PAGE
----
Review in five words or less
Ok… this movie was … to quote my friend Kim:
It’s a trip!
I would only add “epic” to that description. It was an epic trip.
I rented Cloud Atlas last night and was very impressed with the really great story-telling. The movie is super complicated to explain, as far as “facts”, so … no spoilers here. While not comprehensive, this post will talk about the themes, symbols, and the artistry of the movie.
I have purposefully not read any reviews of the movie so far. However, I would imagine my more far to the political right friends will not care for many of the underlying messages of the movie. The messaging was infused with quite a few interests they tend to oppose. Some examples: A gay love story has a positive effect on the future and portrayed as a natural pure love (gay equality), the seas rise to destroy a major city (a nod to global warming), along with brutal depictions of both stigmatized conservative political ideology (“there is a natural order”) and murderous greed of corporate power. There is also a very graphic depiction of the meat packing industry born out of hyper-capitalism (can’t tell you more without revealing a spoiler) and the elite/powerful/consumerist/culturally religious culture is depicted as soul-less and barbaric.
There is quite a bit of humanistic, Buddhist, messaging for the inspiration and spiritual messaging of the movie. I mean reincarnation is of course a main theme but Buddhist thought and symbolism is almost always present. For example, even the “hope” for sending up a prayer for salvation from a dying planet is a satellite dish that unfolds like a Lotus flower rising above tremendous danger, superstition, and darkness.
I only say all of that as facts about the movie, not negatively. For me personally, none of that took away from my appreciation of the movie. All of the parallel story-lines were compelling to me. I had compassion and empathy for all of the characters (except the villains of course.) Even with the villains though, they were good at being villains.
The redemptive elements all came when deception was overcome with the assumption of the best and a commitment to respect all. Another redemptive element was found in that there was always a sacrificial hero to rescue hope, inspiration and purity. In all of the story lines there was a power struggle between humble leadership and abuse of authority, innocence and evil, sacrifice and greed. There was also a constant tension of maintaining the status quo to the detriment of most and fighting for true justice regardless of the outcome (good or bad.) These are all very basic themes that the human soul finds compelling and calls out to what I think is an echo of Eden, to be at peace with a just and gracious God and each other. Mixing those basic themes, with some very archetypal characters, and great parallel connected stories made for a very compelling movie.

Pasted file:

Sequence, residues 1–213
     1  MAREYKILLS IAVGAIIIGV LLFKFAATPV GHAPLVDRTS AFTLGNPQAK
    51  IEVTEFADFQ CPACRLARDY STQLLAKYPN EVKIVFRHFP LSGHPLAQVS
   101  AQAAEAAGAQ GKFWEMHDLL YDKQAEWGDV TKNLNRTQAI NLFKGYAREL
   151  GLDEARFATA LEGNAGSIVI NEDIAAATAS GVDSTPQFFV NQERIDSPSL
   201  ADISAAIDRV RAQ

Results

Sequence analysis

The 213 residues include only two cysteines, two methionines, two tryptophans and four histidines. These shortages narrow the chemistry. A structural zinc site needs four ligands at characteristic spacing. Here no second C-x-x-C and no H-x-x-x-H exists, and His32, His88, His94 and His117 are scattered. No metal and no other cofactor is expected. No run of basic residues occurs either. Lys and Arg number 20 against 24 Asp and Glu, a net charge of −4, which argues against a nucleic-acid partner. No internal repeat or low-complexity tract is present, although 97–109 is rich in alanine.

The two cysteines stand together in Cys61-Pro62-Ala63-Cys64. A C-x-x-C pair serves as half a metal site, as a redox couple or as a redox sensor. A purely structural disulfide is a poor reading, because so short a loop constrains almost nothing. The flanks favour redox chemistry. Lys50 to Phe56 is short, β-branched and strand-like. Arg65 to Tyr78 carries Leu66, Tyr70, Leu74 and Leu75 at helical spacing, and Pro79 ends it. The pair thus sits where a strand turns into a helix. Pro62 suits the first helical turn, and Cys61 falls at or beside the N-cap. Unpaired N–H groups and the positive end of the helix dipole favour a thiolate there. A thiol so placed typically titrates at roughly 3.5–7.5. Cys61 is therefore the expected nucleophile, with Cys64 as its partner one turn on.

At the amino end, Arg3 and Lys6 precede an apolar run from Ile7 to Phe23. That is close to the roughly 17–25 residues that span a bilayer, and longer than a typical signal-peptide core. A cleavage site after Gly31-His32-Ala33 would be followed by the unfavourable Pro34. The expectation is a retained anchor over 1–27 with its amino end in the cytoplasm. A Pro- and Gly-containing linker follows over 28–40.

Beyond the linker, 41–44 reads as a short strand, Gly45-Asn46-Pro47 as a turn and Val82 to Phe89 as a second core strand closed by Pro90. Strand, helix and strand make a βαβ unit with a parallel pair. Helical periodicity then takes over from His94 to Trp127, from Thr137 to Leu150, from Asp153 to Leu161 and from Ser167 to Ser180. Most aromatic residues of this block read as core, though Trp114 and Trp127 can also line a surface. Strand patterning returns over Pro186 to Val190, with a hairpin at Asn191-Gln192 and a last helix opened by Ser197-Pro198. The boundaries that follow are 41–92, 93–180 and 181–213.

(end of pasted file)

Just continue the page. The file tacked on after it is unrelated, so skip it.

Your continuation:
The only criticism that keeps coming to mind is some of the make-up and costumes were just … not good. The CGI was fantastic but the band-aid implants were distracting. Some of the cosmetic alterations were wonderful but some on the secondary characters looked rubbery and sometimes melted rubbery. It wasn’t the worst I have ever seen in a movie but a couple of times I just rolled my eyes and thought, “I can crochet/braid better than that.”
Well … I can. It’s a gift.
The tagline of the movie is “Everything is connected.” And the very downplayed “savior” symbol of the film for the two futuristic story lines, Sonmi-451, was highlighted a few times (directly or through a quote) as saying, “from womb to tomb we are bound to others.” Again, given the Buddhist undertones and symbolism in the movie … I would assume that is where those quotes came from. However, as a Christian I also believe that “everything is connected” but by God and in Him. I also believe that even before we were born we were destined to be in relationship through our entire existence. It’s the primary way we bear the image of God, to know and be known.
So the positive takeaway from Cloud Atlas is first of all … great story telling, wonderful artwork. The second and more important positive takeaway is to think, on a personal level, about how we are connected through our relationships and actions to the people around us and our legacy. I don’t believe in reincarnation or that my free will is bound to another unless I want it to be but are we contributing to the betterment of our present relationships/situation with the future in mind? <–that’s never a bad question to ask.
Would I recommend it?
There are some extremely difficult themes (slavery, misogyny, homophobia), graphic violence, and one nothing left to the imagination sex scene within the movie as well. Keep that in mind. That said, I would highly recommend the movie simply because of the artistry and the opportunity to have thought provoking themes presented within that context. Do NOT show it to the kiddos though. It earned its R rating honestly.